How does repressed chromatin suppress VSG switching mediated through DNA recombination?
ESs are extensive telomeric transcription units, normally ranging 40–60 kb . Repressive chromatin domains or gradients appear to control ESs from both ends . An inhibitory chromatin state appears to restrict transcription initiation and elongation at VSG ES promoters, as knockdown of chromatin remodellers including ISWI and FACT results in derepression of silent ESs [38,39]. In addition, a repressive chromatin gradient mediated by the chromatin protein RAP1 extends up from the telomere end, and knockdown of RAP1 results in derepression of silent ESs .
However, in addition to having an impact on transcription, repressed chromatin states also appear to suppress excessively high rates of DNA recombination at the ES telomere. RAP1 knockdown results not only in ES depression but also in an increase in double-strand DNA breaks at the ES telomere, with a concurrent increase in VSG switching mediated by DNA recombination . Intriguingly, this appears to occur through transcriptional regulation of a non-coding RNA. Knockdown of RAP1 results in the depression of transcription of the telomeric non-coding RNA: TERRA. TERRA forms DNA/RNA hybrids at the telomeres which stimulate the generation of double-strand breaks, thereby facilitating DNA recombination-mediated VSG switching. Similarly, the telomere-binding proteins TRF and TIF2 also appear to play a role in suppressing DNA recombination at T. brucei telomeres, with their knockdown resulting in increased double-strand breaks and VSG switching [42,43]. However, it still remains to be determined if these proteins directly establish a repressed chromatin state at the T .brucei telomeres.
How is the VSG switch mediated? Is there a link between antigenic variation and differentiation?
It has recently been proposed that antigenic variation is linked with differentiation in T. brucei [44,45]. Overexpression of a second ectopic VSG from an inducible promoter can result in transient silencing of the active ES proceeding upwards from the telomere. This transcriptional attenuation requires DOT1B-mediated histone methylation [36,46]. This provides evidence for the presence of a reversible chromatin-mediated silencing gradient extending up from the telomere end, and thereby having an impact on transcriptional elongation at the ES telomere. One possibility is that upon overexpression of the ectopic VSG, the trypanosome down-regulates the endogenous VSG in order to maintain homeostasis of VSG levels .
However, overexpression of the ectopic VSG also results in the generation of non-replicating ‘stumpy form’ parasites. These non-proliferative trypanosomes are pre-adapted to life in the tsetse fly and typically arise when cells sense that densities have risen above a given threshold. The authors therefore additionally postulate that this ES silencing is a ‘sensor’ that triggers stumpy differentiation and propose that this is initiated through silencing of ESAG genes located at the ES telomere .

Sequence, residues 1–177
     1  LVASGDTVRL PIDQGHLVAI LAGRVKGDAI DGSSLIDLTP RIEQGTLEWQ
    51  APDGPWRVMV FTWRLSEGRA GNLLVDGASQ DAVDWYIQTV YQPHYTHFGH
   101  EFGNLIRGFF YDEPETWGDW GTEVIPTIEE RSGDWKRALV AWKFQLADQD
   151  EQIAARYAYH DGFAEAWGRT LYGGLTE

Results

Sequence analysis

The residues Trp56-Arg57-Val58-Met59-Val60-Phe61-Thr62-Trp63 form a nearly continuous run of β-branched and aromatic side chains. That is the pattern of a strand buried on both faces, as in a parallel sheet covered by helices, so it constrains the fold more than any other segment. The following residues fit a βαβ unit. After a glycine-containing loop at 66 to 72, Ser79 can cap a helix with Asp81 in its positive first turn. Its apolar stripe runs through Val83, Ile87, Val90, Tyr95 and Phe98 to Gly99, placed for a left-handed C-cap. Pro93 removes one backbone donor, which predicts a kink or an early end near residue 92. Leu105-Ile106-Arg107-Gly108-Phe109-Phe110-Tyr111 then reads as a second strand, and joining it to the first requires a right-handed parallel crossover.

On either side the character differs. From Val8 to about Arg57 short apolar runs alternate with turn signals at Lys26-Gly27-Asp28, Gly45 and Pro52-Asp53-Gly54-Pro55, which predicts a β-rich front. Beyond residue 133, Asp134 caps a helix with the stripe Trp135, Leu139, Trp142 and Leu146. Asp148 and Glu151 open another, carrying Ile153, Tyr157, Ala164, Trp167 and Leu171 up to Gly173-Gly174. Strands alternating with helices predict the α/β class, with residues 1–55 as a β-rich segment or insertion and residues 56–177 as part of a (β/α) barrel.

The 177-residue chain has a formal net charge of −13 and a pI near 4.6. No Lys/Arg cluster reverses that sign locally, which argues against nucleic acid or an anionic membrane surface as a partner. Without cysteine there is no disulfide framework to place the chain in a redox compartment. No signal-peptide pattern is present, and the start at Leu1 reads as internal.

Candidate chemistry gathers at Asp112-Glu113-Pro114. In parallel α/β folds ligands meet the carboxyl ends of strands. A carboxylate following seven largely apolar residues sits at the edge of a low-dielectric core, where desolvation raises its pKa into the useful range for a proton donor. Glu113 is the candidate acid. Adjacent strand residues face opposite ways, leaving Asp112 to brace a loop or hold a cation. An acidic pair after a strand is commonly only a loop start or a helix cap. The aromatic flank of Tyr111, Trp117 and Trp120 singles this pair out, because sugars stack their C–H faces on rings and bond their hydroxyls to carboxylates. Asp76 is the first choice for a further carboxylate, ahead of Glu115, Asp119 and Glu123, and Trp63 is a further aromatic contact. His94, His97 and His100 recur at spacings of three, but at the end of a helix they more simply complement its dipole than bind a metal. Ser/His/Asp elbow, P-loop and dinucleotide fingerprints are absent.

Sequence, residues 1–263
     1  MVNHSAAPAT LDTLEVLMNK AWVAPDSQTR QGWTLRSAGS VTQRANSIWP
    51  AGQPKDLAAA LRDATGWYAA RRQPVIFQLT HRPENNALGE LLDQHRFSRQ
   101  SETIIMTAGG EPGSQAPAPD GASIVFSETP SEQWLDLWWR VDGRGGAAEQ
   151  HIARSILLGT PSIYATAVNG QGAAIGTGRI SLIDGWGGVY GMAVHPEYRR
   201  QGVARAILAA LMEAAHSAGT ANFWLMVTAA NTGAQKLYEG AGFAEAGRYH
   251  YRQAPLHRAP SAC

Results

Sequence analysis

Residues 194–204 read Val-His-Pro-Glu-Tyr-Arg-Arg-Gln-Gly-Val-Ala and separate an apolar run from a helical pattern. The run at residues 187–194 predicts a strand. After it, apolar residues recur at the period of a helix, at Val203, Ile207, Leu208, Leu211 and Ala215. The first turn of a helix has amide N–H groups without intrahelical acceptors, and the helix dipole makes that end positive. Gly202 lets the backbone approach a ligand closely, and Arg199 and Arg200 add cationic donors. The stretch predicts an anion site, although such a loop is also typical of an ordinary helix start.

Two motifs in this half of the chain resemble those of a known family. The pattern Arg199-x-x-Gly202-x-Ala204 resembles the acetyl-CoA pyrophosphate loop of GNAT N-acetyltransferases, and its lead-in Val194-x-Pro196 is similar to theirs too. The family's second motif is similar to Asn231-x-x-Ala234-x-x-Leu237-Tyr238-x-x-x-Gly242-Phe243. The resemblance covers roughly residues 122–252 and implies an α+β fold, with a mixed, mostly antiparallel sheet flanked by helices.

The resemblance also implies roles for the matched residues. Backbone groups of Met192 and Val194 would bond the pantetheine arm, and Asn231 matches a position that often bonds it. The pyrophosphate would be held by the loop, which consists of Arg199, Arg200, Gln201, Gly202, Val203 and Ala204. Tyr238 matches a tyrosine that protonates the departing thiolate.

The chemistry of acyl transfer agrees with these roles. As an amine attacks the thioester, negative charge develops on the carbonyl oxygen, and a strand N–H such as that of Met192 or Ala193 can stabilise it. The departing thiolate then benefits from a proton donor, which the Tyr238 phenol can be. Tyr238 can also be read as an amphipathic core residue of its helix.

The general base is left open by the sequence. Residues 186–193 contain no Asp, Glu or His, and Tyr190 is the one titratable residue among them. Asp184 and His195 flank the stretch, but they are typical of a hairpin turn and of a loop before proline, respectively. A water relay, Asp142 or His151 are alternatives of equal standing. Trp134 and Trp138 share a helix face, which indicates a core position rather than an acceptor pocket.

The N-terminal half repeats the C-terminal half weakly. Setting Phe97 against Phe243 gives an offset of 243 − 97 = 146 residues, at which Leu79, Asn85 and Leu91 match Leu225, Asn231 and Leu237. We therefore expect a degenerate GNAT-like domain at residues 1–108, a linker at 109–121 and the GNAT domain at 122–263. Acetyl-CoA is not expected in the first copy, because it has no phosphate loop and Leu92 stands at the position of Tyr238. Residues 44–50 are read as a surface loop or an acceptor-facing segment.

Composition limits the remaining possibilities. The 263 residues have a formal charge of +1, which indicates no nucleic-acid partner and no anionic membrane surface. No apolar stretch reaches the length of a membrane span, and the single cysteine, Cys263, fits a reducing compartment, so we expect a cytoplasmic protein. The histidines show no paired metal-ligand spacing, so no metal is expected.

However, an alternative interpretation for the results of Batram et al.  is that the overexpression of ectopic VSG (or knockdown of ESAGs) produces stress responses which trigger the generation of the stumpy form. One of the first events that occurs upon differentiation to the stumpy form is progressive attenuation of transcription of the active ES. This silencing gradient extends up from the telomere along the active ES, whereby the telomeric VSG is the first gene to be silenced . The concurrent attenuation of VSG transcription at the active ES could therefore be a side effect of this stumpy form differentiation rather than directly causing it. This issue is discussed in ref. , but remains controversial. However, despite lack of clarity regarding the exact mechanistic details, these intriguing observations all argue that there is an intricate interplay between antigenic variation and trypanosome differentiation which still needs to be further unravelled.
In summary, new developments have highlighted the unprecedented complexity underlying antigenic variation in African trypanosomes. New experimental approaches are allowing us to tackle these issues at the whole-genome level using high-throughput sequencing of entire genomes or transcriptomes. Similarly, high-end proteomic approaches are allowing us to determine the interactomes of key players in the antigenic variation machinery. Whole-genome RNAi libraries are enabling identification of novel components using functional screens. Effective as these new approaches are, they are raising many more questions than answers regarding how African trypanosomes survive so well in the mammalian bloodstream.
How are chimeric VSG genes assembled? Is there a dedicated DNA recombination pathway for this?
Where are chimeric VSGs assembled?
What epigenetic factors mark silent vs. active VSG ESs?
How do these components regulate the monoallelic expression of a single ES?
How does antigenic variation have an impact on trypanosome differentiation and vice versa?
G.R. is a Wellcome Senior Fellow in the Basic Molecular Sciences  and the research was funded by the Wellcome Trust.
We apologize to those who were not cited due to space constraints. We are grateful to Calvin Tiengwe, Carys Davies, James Budzak, Aris Aristodemou, Louise Kerry and Eloise Lockyer for their comments on the manuscript.
The Authors declare that there are no competing interests associated with the manuscript.